Plant Health Services Division, Tobacco Research Board Several insect pests, nematodes , bacteria and fungi , cause minor to severe damage to the roots, stem and leaves of tobacco plants at and just after planting.For example, in high infestation areas, cutworms can destroy the whole crop stand in a single night following transplanting of tobacco seedlings from the nursery to the lands.
Similarly, sore shin, a disease caused by a soil borne fungal pathogen Rhizoctonia spp. which occurs naturally in the soil can ravage transplanted seedlings , thereby resulting in gross loss to the grower .
A number of chemical pesticides are available for the control of pests and diseases in tobacco seedlings and transplants and these are discussed in the following sections.
Disease control prior to pulling out seedlings
Sore shin attacks young transplants in the first few weeks after transplanting when the stems are still tender. The disease is best managed by application of recommended preventive fungicides applied 48 hours before transplanting.
These fungicides are systemic and will protect the seedling for up to two weeks after drenching.
Therefore, if more seedlings are pulled from the treated seedbeds within two weeks from drenching, no further fungicide application is required.
However, if pulling is done later than two weeks after the first application, a second drench at half rate should be applied.
Nematode control at planting
Following the withdrawal of Methyl -bromide and Ethyl -di-bromide (EDB) as fumigants due to their adverse effects on the user and the environment, the Tobacco Research Board (TRB) embarked on research to evaluate alternatives to the toxic fumigants. Thus, in addition to using nematode resistant varieties, products such as Fluopyram (Velum 400 SC), Fenamiphos EC and Oxamyl are registered fornematode control.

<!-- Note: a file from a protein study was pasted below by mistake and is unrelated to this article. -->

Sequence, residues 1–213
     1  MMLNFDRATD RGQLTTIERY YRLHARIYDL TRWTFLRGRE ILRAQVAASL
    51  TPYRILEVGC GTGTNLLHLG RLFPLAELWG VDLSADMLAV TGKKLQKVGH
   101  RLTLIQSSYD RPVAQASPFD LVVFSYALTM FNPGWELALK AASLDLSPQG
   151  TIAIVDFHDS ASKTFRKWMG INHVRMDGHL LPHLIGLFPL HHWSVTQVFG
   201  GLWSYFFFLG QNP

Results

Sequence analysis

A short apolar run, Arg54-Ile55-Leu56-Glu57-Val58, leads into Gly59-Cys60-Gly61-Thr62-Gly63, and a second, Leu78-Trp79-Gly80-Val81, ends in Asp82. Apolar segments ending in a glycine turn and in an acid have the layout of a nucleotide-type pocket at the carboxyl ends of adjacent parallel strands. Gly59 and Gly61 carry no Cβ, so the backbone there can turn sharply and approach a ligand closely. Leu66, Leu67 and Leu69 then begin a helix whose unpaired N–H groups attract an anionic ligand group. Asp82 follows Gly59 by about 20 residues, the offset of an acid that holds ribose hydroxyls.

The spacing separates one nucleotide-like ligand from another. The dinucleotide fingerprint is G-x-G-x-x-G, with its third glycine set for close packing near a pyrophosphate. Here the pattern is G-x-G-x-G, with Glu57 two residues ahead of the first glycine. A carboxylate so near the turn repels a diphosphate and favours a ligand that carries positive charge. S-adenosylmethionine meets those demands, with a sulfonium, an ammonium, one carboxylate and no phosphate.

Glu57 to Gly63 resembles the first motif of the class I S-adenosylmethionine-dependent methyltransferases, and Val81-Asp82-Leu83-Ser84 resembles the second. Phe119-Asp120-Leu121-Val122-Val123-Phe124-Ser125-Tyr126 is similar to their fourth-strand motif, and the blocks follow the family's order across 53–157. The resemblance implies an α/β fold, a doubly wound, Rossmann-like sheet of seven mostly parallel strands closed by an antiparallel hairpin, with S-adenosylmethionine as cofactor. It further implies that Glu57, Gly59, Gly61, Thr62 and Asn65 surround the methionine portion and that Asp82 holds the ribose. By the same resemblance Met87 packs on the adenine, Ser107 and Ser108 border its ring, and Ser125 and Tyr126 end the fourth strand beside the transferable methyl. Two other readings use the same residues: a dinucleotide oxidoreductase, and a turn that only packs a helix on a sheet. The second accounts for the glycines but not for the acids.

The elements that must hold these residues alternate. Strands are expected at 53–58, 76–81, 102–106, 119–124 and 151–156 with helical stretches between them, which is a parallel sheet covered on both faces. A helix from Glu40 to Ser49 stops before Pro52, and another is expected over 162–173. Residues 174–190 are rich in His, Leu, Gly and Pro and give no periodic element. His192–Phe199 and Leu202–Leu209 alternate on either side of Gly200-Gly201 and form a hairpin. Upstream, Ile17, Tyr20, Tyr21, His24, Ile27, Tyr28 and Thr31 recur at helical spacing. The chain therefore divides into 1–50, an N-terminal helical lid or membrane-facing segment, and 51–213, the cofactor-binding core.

Pre -planting insecticides should be applied in the planting hole to control soil-borne pests such as white grubs, false wireworms and cutworms as well as foliar pests such as aphids.
For cutworm control, the insecticide should be applied such that it wets the stem and the soil surrounding the base of each seedling.It is important to plant with preventive aphicides to ensure plants are protected against aphids, which besides, causing direct damage through sucking plant nutrients, are also vectors of diseases such as Potato Virus Y (PVY) and bushy top.
When any of the aphicides in Table 3 is applied at the time of transplanting, this ensures protection for 6-8 weeks after planting.It is also wise to plant early so as to reduce the impact of some pests of economic importance.
For example, tobacco planted from September into mid-October is able to evade the seasonal build-up of the tobacco aphid that usually occur in late November and reaches a peak in mid -December to January.
Growers are encouraged to adopt these pests and diseases preventive measures to ensure healthy crop growth, free from pests and diseases.
◆ For more information, refer to the Tobacco Research Board Flue – Cured Recommendation or contact Kutsaga Research Station’s Plant Health Services Division on telephone (04) 575 289-94 or toll-free, 0800 4511 or Email: [email protected] or visit Kutsaga Research Station, Airport Ring Road, Harare.